Bill Demchak, chief executive officer-elect of PNC Financial Services Group Inc., plans to steer the second-largest U.S. regional bank by assets toward growing from within and away from a focus on acquisitions.
“Going forward, it’s going to be much more about organic growth — growth as a function of what we have on the table in front us,” Demchak, 50, said in a telephone interview. “The traditional value you saw in retail deposit franchises is somewhat diminished given the interest rate environment and the regulatory framework surrounding retail banking.”
Jim Rohr, 64, who steps down as CEO in April, has spent about $17.5 billion on deals since being named chief in May 2000, according to data compiled by Bloomberg News. That includes the $5.3 billion purchase of National City Corp. of Cleveland announced in 2008 and the 2011 takeover of Royal Bank of Canada’s U.S. operations.
The Royal Bank deal gives PNC a “huge organic growth opportunity” and allows the Pittsburgh-based lender to continue its strategy of adding customers and selling them more products, especially in the Southeast U.S., Demchak said.
“The markets we opened up in the Southeast, if we take our eye off that because we bought some small bank somewhere else, shame on us,” Demchak said. “The banks that are coming on the market today, the smaller banks that are struggling a bit either with asset quality or the cost of regulation, the price expectations aren’t anywhere near where we would see value.”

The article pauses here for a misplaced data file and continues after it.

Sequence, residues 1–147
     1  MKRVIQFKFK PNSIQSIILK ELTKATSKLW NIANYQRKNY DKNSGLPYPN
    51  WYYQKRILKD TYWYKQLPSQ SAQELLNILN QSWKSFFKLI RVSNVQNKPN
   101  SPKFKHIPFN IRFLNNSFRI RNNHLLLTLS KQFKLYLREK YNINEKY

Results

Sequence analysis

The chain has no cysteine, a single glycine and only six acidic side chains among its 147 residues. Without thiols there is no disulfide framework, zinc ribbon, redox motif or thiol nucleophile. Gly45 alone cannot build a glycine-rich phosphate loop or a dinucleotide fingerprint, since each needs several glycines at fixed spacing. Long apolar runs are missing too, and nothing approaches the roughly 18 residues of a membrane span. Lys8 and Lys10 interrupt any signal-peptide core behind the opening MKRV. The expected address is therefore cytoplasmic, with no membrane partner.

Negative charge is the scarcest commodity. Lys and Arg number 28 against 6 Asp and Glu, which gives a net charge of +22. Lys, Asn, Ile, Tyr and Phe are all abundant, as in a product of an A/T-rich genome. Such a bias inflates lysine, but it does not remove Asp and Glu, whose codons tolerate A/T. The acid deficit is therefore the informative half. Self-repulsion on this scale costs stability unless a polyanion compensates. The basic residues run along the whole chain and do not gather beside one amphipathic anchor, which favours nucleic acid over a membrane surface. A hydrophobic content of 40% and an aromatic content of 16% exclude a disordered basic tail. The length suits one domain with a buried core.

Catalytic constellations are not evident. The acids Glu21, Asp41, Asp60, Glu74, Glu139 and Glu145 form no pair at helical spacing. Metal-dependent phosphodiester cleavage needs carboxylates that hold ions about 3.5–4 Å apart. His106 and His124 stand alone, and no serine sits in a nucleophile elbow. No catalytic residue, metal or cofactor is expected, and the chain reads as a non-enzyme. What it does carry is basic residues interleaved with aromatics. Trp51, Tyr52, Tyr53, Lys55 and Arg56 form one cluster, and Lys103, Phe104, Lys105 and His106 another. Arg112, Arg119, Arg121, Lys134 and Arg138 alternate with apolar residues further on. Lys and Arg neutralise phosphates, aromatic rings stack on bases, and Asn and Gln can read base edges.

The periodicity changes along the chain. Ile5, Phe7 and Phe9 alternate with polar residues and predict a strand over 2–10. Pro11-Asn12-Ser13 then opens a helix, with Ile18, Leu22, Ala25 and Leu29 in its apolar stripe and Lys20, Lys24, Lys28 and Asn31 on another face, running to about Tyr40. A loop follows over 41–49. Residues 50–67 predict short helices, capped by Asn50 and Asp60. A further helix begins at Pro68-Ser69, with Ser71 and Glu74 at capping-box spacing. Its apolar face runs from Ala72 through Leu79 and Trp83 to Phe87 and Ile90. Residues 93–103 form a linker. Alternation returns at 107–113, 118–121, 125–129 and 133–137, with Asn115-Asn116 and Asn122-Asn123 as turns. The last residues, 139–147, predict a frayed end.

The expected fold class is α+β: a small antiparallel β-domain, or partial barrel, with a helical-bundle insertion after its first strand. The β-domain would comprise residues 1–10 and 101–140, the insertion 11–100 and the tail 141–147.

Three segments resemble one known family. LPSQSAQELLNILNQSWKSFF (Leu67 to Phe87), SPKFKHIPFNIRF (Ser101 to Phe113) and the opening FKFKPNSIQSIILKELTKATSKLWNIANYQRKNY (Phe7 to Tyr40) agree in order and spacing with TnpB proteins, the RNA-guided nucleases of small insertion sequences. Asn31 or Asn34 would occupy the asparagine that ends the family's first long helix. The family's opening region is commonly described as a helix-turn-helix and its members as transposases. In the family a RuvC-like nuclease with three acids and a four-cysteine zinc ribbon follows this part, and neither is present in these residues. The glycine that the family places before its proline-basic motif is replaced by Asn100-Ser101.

Demchak joined PNC in 2002 as chief financial officer from JPMorgan Chase & Co., where he was head of structured finance. Three years later, he became PNC’s head of corporate and institutional banking and was among candidates considered for the top job at Bank of America Corp. in 2009, according to Houston-based investment fund Finger Interests Ltd. Instead, Demchak was named head of all PNC businesses in 2010 and president last April.
PNC shares have gained about 1.8 percent in the past 12 months, compared with a 19 percent advance in the 81-company Standard & Poor’s 500 Financials Index.
Demchak said there will be more small banks merging as their share prices increase, giving them greater ability to do deals. Many transactions that size aren’t worth it for PNC, he said.
“You buy a small bank, you get more often than not a balance sheet that is heavily weighed, heavily skewed towards real estate assets, which means that they probably have problems on their balance sheet,” he said. “And then you begin to wonder why you would pay some of the premiums that you see.”
PNC and other lenders will need to figure out how to develop relationships with customers who are moving more of their banking transactions online, he said. The lender is closing branches while also developing new ones with more technology and fewer employees, Demchak said.
“When you’re in a digital channel, no one has quite figured out how to have a relationship with that client, which means that cross-sell is harder,” he said.